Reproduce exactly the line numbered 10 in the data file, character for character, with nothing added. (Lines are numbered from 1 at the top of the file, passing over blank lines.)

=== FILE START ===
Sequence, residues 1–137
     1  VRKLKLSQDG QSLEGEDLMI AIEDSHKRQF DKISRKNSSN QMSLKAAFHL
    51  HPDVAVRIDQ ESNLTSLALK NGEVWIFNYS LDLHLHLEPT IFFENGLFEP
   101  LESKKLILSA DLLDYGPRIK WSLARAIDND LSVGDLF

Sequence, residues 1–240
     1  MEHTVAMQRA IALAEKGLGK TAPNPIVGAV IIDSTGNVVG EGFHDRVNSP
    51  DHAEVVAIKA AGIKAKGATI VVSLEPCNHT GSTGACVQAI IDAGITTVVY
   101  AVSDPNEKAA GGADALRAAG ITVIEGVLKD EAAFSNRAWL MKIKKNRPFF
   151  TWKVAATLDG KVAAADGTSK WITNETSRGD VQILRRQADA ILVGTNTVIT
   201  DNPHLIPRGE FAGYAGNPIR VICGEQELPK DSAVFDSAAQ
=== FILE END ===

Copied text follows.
   201  DNPHLIPRGE FAGYAGNPIR VICGEQELPK DSAVFDSAAQ